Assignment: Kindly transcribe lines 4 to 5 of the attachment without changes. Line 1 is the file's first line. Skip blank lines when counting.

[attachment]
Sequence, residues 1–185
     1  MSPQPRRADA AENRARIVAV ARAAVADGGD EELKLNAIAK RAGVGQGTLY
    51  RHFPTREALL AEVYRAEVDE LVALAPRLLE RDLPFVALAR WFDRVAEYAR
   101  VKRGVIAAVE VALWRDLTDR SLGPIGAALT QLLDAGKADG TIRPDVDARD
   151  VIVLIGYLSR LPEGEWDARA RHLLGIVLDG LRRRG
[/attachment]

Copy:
   101  VKRGVIAAVE VALWRDLTDR SLGPIGAALT QLLDAGKADG TIRPDVDARD
   151  VIVLIGYLSR LPEGEWDARA RHLLGIVLDG LRRRG